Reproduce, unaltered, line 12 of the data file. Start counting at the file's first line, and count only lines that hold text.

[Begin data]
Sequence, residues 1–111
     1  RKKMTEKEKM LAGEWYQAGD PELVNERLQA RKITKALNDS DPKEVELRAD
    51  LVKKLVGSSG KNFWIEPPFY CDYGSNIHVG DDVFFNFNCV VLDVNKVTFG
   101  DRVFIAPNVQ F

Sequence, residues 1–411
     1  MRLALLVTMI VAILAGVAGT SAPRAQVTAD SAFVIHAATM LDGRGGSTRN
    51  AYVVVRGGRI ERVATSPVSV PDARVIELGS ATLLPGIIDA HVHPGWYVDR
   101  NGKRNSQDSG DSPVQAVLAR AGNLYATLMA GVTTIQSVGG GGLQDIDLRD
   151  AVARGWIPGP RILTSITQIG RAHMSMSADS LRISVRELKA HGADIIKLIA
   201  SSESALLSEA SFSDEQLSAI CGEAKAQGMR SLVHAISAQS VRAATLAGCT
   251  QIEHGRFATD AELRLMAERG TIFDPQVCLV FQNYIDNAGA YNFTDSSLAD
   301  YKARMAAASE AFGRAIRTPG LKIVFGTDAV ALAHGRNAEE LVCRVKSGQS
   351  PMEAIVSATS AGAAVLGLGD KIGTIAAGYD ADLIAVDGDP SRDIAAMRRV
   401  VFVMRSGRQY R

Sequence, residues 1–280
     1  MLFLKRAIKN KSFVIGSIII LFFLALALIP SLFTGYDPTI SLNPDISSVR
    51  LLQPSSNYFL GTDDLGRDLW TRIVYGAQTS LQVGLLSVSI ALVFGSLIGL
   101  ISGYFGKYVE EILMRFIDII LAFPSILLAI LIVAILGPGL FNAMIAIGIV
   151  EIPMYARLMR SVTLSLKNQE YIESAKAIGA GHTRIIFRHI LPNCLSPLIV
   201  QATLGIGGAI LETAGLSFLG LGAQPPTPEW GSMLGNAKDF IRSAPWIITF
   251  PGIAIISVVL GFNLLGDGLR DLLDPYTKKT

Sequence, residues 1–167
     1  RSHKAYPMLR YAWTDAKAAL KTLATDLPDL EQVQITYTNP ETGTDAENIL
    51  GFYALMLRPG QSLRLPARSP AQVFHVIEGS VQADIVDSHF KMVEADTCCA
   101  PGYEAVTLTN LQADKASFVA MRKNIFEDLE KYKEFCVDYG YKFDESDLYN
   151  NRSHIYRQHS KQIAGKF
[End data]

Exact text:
   301  YKARMAAASE AFGRAIRTPG LKIVFGTDAV ALAHGRNAEE LVCRVKSGQS